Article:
Melbourne tram route 86

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Route 86
Bundoora RMIT - Waterfront City Docklands
YarraTramsLogoNew.svg
B22026 New Yarra Trams Livery.JPG
Overview
System Melbourne
Operator Yarra Trams
Depot Preston
Vehicle B class
E class
Night-time Friday & Saturday
Route
Locale Melbourne, Australia
Start Bundoora RMIT
Via Reservoir
Preston
Thornbury
Northcote
Clifton Hill
Collingwood
Fitzroy
East Melbourne
Bourke Street
End Waterfront City Docklands
Service
Journey time 65-90 minutes
Operates Daily
Zone(s) Free Zone: Stops D11-D1, 1-11
Myki Zone 1: Stops 12-51
Myki Zone 2: Stops 52-71
Timetable Route 86 timetable
Map Route 86 map
Route map

Melbourne trams route 86 map.png

← Route 82  {{{system_nav}}}  Route 96 →

Melbourne tram route 86 is operated by Yarra Trams on the Melbourne tram network. It operates from Bundoora RMIT to Waterfront City Docklands. The route is operated by B and E class trams from Preston depot.[1][2]

History[edit]

A cable tram line operated by the Melbourne Tramway & Omnibus Company (MTOC) opened on 10 August 1887, operating along Bourke Street, Gertrude Street, Smith Street and Queens Parade to Merri Creek.[3] On 18 February 1890 a group of Northcote land speculators built a line between the MTOC terminus and Dundas Street, the line was not as successful as they had hoped, closed down and reopened twice before the municipal government bought it in 1901 and leased out its operation.

At the end of the lease council took over operation for a short time. The MTOC line was taken over by the Melbourne & Metropolitan Tramways Board (MMTB) on 1 November 1919 with the Northcote Cable Tramway line coming under MMTB control on 20 February 1920.[4]

The Fitzroy, Northcote & Preston Tramways Trust had started constructing a system but it wasn't until after its takeover by the MMTB that services first ran, on 1 April 1920, part of this system included a line from Dundas Street to Tyler Street.[5] This network was orphaned from the rest of the electric network until 24 March 1925 when a line along Holden Street, Pilkington Street and Barkly Street was built by the MMTB to allow access to the CBD via Lygon Street.[6]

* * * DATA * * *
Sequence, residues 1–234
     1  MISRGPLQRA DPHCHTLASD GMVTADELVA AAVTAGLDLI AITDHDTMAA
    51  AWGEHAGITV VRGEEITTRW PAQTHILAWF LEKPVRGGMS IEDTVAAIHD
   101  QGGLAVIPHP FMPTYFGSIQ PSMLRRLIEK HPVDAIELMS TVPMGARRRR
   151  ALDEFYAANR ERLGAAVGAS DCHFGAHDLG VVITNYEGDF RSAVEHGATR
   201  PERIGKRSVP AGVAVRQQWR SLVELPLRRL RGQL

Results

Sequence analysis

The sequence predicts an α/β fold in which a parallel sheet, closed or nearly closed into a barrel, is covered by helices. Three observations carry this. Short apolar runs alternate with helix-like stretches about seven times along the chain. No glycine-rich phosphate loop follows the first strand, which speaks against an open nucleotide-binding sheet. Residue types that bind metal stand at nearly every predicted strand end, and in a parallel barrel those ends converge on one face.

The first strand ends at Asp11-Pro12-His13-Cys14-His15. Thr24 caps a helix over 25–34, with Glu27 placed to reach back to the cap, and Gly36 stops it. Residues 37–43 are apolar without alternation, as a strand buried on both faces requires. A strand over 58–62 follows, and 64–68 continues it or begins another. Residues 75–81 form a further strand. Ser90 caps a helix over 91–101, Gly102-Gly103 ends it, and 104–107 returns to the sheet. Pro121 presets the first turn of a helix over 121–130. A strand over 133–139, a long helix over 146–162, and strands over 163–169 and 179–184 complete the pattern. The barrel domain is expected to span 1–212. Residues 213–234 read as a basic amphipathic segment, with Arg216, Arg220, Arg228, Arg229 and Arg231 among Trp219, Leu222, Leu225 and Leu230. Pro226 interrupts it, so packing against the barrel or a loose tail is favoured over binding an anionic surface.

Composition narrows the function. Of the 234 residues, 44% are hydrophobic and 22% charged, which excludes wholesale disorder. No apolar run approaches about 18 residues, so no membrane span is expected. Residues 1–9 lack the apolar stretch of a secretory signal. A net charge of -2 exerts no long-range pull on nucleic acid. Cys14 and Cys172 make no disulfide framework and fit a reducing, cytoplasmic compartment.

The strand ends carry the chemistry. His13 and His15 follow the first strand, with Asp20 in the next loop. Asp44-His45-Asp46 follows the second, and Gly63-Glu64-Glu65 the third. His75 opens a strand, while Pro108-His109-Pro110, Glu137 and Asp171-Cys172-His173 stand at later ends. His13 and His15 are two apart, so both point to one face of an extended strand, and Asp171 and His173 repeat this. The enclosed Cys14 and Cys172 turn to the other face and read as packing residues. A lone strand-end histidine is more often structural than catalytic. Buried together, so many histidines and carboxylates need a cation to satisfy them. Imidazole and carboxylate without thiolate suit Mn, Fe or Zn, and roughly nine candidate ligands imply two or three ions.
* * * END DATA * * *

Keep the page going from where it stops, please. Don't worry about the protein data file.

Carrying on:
The two cable lines were through routed by the MMTB, and operated until 26 October 1940, when the Bourke Street cable lines were abandoned in favour of double decker buses.[7] The Bourke Street cable lines were the last cable trams to operate in Melbourne.

The MMTB, unhappy with the performance of the buses, decided to rebuild the lines as electric tram services when the buses became life expired. Trams first ran on route 88 (predecessor to the modern 86) on 26 June 1955, with Brunswick East starting operating on 6 May 1956.[8][9]

On 18 May 1983, the suburban terminus was extended 1.2 kilometres from Tyler Street to Boldrewood Parade,[10] then to 2.1 kilometres to La Trobe University on 10 January 1985, 2.9 kilometres to Settlement Road on 26 April 1987[11][12][13] and to the current terminus at McKimmies Road on 12 October 1995.[14] This final extension was funded as part of the Federal Government's Building Better Cities program.[15]

As part of the Docklands redevelopment project, La Trobe Street was extended west over the Spencer Street railyards on 26 March 2000, and with this extension route 86 was extended along Spencer Street and La Trobe Street to Docklands Stadium.[16][17][18]

On 27 July 2008 route 30 and route 86 swapped termini, with route 30 terminating in Harbour Esplanade at Central Pier, and route 86 being extended to Waterfront City.[19]

In August 2008 route 86 was the first route to see tram based testing of the Myki ticketing system, using special services not open to normal fare-paying passengers.[20]

A project to improve access through platform stops, perform track and overhead renewal and improve speed and reliability on a 6.8 km section of route 86, along High Street and Plenty Road, between Westgarth Street, Westgarth and Albert Street, Reservoir commenced in 2011.[21][22]

Since April 2012, there has been a campaign for route 86 to be extended to South Morang station. This campaign has been run by community group the Friends of South Morang. The proposed extension is for the tram to go north on Plenty Road, turn left on Bush Boulevard and go towards the South Morang station, from there it will go through the Mill Park Lakes Estate to the intersection of The Lakes Boulevard and Plenty Road. This proposal can be seen on The South Morang future transport network map.[23]

In January 2016, route 86 began operating through the night on Fridays and Saturdays as part of the Night Network.[24]

In late November 2016, E-class trams commenced operation on the route.[25] These trams are beneficial on the route which has the highest amount of superstop platforms of any route in Melbourne.[26]

Route[edit]

Two route 86 trams pass each other on Plenty Road, Preston